Emily D’Angelo may be best known for her performances in operas of Mozart and Rossini across the stages of North America and Europe, but on her debut album with Deutsche Grammophon, enargeia, the Operalia Award-winning mezzo takes a path which embraces far older, and simultaneously newer, sounds. Released in early October, the album, recorded with das freie orchester Berlin, Dutch string quartet Matangi, and the Berlin-based Kuss Quartet, is a collection evoking the ancient Greek concept of “enargeia” which is, as the liner notes state, “the quality of extreme vividness, radiance, or present-ness.” Elegant, smart presentations of works by contemporary composers alongside Christian polymath Hildegard von Bingen (1098 to 1179) create a deeply meditative listening experience that show the true range of D’Angelo’s vocal gifts and a keen ear for programming.
Von Bingen’s compositions in particular were, for D’Angelo, “the initial kernel, the seed” of the album’s genesis. “Through reading about her and who she was and what her music meant and what music meant to her, I wasn’t sure whether it would be a medieval album – or what it would end up being – but I knew she was someone I wanted to feature. Her music has always fascinated me and I’d always been hoping for an opportunity to dig more deeply into her life and her works.” American composer Sarah Kirkland Snider (b. 1973) had been working on an opera about the German-born saint, and that project proved a starting point. D’Angelo investigated and listened to Snider’s catalogue, and “I loved it, especially her Penelope song cycle (2010). It spoke to me, and to the project, because of its connection with this ancient ancient story referencing Homer’s odyssey.”
Snider’s original work comprises four of the album’s twelve tracks; she, as well as fellow composer Missy Mazzoli (b. 1980), also provides an arrangement of Bingen’s original work. Mazzoli’s Vespers For A New Dark Age (2015), was a source of active inspiration as well. As D’Angelo explains, the work “ruminates on the question of what is the purpose of tradition, or religion in our modern world, with technology and all the goings-on of our 21st century.” The music of acclaimed Icelandic composer/producer and classically-trained cellist Hildur Guðnadóttir (b. 1982) is also featured in haunting arrangements by Berlin-based Finnish musician Jarkko Riihimäki. “The cello sort of reminds us of Hildegard von Bingen’s music, and that sound, for me, was a grounding point of the album.”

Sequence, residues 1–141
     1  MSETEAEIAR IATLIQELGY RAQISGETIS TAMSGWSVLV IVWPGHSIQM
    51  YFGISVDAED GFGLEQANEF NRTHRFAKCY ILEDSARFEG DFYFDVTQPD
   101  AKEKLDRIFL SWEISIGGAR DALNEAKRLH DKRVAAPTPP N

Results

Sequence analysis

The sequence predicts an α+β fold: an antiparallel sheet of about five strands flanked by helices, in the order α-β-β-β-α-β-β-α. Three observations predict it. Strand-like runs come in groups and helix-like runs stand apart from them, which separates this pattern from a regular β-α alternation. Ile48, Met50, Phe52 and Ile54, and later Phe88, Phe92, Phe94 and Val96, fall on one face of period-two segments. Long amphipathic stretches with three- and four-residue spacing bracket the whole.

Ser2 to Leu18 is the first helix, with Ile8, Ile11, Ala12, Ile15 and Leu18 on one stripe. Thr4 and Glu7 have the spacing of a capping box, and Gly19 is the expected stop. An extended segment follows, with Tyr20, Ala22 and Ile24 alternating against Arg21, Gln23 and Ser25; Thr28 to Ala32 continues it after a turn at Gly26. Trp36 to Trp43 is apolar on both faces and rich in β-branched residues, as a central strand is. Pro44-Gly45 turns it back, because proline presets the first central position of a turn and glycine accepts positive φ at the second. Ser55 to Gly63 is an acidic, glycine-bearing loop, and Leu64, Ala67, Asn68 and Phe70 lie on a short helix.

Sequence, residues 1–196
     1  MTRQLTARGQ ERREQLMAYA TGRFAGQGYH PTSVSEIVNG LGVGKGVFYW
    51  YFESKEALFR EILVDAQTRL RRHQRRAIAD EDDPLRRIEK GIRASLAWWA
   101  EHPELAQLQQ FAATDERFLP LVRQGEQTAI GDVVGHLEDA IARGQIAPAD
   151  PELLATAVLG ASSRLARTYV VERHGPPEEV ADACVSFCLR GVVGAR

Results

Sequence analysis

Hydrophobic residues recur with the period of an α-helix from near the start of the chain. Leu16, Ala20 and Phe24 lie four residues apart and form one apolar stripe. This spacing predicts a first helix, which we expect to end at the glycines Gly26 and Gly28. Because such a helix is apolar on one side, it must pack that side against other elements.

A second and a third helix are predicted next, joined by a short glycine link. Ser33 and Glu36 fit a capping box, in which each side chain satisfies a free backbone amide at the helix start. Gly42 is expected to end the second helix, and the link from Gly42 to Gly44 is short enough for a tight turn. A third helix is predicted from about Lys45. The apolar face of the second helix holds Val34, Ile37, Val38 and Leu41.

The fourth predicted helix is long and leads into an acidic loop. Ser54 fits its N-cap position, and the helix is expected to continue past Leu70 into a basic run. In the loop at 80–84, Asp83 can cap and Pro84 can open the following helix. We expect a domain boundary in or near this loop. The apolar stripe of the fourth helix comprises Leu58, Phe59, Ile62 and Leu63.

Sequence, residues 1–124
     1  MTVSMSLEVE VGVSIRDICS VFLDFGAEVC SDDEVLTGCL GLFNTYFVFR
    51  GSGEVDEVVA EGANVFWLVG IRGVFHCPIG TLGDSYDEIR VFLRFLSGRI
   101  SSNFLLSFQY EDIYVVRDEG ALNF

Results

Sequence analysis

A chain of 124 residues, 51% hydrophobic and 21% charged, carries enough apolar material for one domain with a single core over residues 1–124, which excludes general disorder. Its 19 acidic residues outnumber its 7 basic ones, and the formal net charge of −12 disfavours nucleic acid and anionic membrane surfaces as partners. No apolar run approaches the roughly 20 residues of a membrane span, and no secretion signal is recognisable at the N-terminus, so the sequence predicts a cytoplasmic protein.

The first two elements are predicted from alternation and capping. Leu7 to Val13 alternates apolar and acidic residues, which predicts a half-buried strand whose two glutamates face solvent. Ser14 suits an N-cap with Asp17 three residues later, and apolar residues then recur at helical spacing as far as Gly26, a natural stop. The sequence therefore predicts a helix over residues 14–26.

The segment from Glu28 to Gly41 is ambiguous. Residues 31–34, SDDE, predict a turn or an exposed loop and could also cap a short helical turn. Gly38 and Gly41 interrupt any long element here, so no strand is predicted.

The processes of research, rearrangement, and subsequent recording “felt more like archaeology than [musical] architecture,” says D’Angelo. It was precisely that systemization which led to an intensity of focus. “In the end I didn’t want anything to be random. That was the goal: nothing here is going to be just thrown in,” she explains. “At a certain point the concept became very clear, […] and it was like, ‘okay, this is it, this is what has come through very conscious choices, artistically and musically.’” The idea, she says, is for enargeia to be experienced as a cohesive whole. “It’s something meant to be listened to as an album. I know that’s a really big ask these days when attention spans are short and playlists are more common, but the idea was to commit to creating an album which would need to be listened to all the way through.”
Recording locations, both in Berlin, were historic. The Kirche zum Heiligen Kreuze (Church of the Holy Cross), built in the late 19th century, has hosted numerous cultural events, including contemporary music festivals. The Jesus Christe Kirche (built in the early/mid 20th century), is noted for its acoustics and has accordingly hosted many historic recording sessions by classical music legends like Luciano Pavarotti, Mstislav Rostropovich, Anne-Sophie Mutter; numerous Berlin Philharmonic sessions (with conductors Wilhelm Furtwängler, Herbert von Karajan and Claudio Abbado), and the Deutsche Symphonie-Orchester with Kent Nagano. Bass baritone Thomas Quasthoff recorded his album of Bach Cantatas (Deutsche Grammophon, 2004) at the church.
“It was a conscious choice to record in these places,” D’Angelo says, “to do this studio album in a church setting, made up of very new music as well as super-old music.” That dualism creates a fascinating frisson for the listener. Blending the older concept of experiential album with contemporary sounds, placing elements of Greek mythology beside Christian ones, playing new versions of sometimes very old work (and even older stories) in settings noted for their observation of highly formalized expression, in faith as in art. Recording amidst the realities of coronavirus added yet another layer of meaning. “To be singing, alone, in a church… amidst a pandemic, where it was silent, with these very perfect recording conditions… we’d get goosebumps sometimes. Anything you create will be a reflection, or at least will be informed, by your lived experience of that moment, in that time and place.”
But D’Angelo flinches at the idea that her debut album, one exclusively featuring the work of female composers, might be construed as some sort of commentary. “It was never the statement or the intention – the first priority was always music. It was an organic process, just uncovering what it was. The music was first, always.”
The album is available now for streaming, purchase or download here.